From the included articles, the following data were extracted: study design, patient demographics, follow-up duration and the percentage of follow-up for each treatment group, initial neurological assessment and outcomes for the nonoperative and surgery treatment groups, and the type of treatment and outcomes reported. We attempted to identify studies with overlapping data and reported only the data from the most complete study (largest sample size) in order to prevent double counting.
Study Quality and Overall Strength of Body of Literature
Class-of-evidence ratings were assigned to each article independently by 2 reviewers (J.R.D., C.G.E.) using criteria set by The Journal of Bone & Joint Surgery1 for therapeutic and prognostic studies and modified to delineate criteria associated with methodological quality and risk of bias on the basis of recommendations made by the Agency for Healthcare Research and Quality.2,3 The appraisal system used in this article accounts for features of methodological quality and important sources of bias by combining epidemiologic principles with characteristics of study design to determine the class of evidence and is consistent with those used in previous focus issues.4 (See Supplemental Digital Content material, available at http://links.lww.com/BRS/A830, for study ratings.)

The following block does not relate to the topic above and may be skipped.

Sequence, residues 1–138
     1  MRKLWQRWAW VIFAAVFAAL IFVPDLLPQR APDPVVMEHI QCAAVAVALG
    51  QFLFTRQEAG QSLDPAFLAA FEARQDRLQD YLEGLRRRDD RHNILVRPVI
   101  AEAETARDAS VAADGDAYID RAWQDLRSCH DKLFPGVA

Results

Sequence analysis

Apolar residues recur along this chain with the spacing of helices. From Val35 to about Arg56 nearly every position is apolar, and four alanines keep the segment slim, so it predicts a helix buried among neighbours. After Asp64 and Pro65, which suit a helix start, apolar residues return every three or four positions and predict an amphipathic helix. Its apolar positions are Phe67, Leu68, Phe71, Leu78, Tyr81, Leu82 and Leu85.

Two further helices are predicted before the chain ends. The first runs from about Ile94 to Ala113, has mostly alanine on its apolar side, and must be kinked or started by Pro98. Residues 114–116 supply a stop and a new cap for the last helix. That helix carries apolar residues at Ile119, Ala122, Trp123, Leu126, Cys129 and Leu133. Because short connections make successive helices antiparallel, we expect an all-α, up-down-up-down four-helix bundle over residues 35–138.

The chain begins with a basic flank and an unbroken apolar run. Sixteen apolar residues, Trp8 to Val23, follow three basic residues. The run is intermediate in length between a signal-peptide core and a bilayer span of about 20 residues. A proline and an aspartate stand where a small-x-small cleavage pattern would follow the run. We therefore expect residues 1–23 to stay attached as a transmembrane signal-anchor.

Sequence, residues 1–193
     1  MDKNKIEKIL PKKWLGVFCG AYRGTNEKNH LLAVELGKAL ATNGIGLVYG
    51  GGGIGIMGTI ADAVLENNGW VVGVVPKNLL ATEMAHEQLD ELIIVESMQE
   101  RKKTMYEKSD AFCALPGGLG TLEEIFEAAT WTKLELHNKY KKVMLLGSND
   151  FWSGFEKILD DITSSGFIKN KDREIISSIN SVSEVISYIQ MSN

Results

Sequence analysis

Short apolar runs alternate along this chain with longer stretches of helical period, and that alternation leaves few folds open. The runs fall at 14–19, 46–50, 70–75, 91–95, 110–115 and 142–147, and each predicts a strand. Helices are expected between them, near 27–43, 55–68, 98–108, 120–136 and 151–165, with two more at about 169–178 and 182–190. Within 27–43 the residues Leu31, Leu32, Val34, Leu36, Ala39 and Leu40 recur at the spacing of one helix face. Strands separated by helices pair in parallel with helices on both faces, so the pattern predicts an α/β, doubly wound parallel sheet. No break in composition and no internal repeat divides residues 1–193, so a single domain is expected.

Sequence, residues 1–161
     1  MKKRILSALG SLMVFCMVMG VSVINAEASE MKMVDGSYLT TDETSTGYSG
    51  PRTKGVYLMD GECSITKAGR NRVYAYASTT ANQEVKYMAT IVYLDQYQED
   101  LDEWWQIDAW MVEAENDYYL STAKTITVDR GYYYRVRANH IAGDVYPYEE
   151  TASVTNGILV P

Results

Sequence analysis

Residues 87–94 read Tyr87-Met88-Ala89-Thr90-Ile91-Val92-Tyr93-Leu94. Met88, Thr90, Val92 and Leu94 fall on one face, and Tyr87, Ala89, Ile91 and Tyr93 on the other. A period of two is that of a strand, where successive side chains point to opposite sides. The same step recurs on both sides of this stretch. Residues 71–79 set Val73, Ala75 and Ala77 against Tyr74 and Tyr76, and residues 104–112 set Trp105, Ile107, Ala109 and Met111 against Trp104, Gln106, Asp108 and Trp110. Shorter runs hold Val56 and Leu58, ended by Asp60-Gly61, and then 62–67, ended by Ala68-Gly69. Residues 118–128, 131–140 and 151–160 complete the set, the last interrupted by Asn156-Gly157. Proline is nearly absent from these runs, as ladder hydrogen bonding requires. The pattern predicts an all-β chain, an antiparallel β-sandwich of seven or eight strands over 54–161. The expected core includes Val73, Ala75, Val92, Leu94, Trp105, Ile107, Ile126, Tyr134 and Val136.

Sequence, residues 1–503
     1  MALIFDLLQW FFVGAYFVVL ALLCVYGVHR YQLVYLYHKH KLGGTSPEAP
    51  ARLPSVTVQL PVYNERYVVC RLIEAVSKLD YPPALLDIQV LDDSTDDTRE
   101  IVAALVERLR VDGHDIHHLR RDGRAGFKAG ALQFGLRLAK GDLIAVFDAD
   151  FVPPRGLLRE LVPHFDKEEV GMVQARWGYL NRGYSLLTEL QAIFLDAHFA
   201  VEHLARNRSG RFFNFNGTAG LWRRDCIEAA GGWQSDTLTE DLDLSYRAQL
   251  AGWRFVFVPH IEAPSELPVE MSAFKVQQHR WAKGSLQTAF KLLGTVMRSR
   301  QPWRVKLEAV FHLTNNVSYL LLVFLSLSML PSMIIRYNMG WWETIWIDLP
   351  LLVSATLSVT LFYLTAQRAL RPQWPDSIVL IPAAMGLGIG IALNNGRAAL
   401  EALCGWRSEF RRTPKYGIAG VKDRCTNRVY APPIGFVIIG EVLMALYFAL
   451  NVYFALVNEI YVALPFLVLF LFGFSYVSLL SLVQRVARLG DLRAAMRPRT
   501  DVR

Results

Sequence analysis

After individual article evaluation, the strength of the overall body of evidence with respect to each outcome was determined on the basis of precepts outlined by the Grading of Recommendation Assessment, Development and Evaluation Working Group5,6 and recommendations made by the Agency for Healthcare Research and Quality.2,3 Qualitative analysis is performed considering Agency for Healthcare Research and Quality–required and additional domains.7